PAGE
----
Three years later, Shauna got married for the first of three times – to a female who “never identified as lesbian.” Remember, at this point Shauna was still (at least on the outside) a straight male. The couple gave birth to two children, but eventually it became clear that things were getting too complicated to be sustainable. “We remained very close friends, but eventually started sleeping in separate bedrooms,” Shauna recalls.

Shauna began taking hormones in her early 20s, and continued dressing and living as a woman. She attended college in Louisiana, studied to become a nurse, and eventually relocated to the considerably more open-minded city of New Orleans. The transition into adulthood was not easy, but during this time Shauna managed to attract the attention of two unrelated individuals who would become some of the biggest influences in her life: a lesbian professor and a gay businessman. On their own, separate terms, these two people provided the love, support and guidance Shauna so badly needed. She eventually came to consider them her “adoptive parents.”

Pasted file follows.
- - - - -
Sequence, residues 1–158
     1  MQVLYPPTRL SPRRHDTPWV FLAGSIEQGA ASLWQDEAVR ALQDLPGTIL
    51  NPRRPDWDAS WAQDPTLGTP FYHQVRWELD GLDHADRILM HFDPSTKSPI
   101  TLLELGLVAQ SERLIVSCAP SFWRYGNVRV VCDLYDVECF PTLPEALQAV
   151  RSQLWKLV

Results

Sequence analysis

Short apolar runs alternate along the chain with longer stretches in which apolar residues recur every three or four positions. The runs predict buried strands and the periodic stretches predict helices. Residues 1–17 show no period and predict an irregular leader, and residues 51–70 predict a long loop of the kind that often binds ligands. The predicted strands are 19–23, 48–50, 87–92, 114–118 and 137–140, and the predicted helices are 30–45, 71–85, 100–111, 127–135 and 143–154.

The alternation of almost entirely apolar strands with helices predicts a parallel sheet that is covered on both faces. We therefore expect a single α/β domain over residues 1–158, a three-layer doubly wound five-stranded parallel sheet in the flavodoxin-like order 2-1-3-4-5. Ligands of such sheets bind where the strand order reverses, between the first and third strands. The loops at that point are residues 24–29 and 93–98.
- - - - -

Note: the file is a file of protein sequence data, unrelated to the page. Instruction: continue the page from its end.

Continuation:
The Change

Long before the time for gender reassignment surgery came, Shauna was already very clearly feminine – and quite beautiful, with long blonde hair styled like Farrah Fawcett. “Lots of people couldn’t even tell I wasn’t actually female!” she laughs. Shauna had her first lesbian lover in her mid-20s, an American tomboy who eventually became her second wife.

Around the same time, Shauna began doing serious research on surgery options, but found herself unimpressed by the selection available Stateside.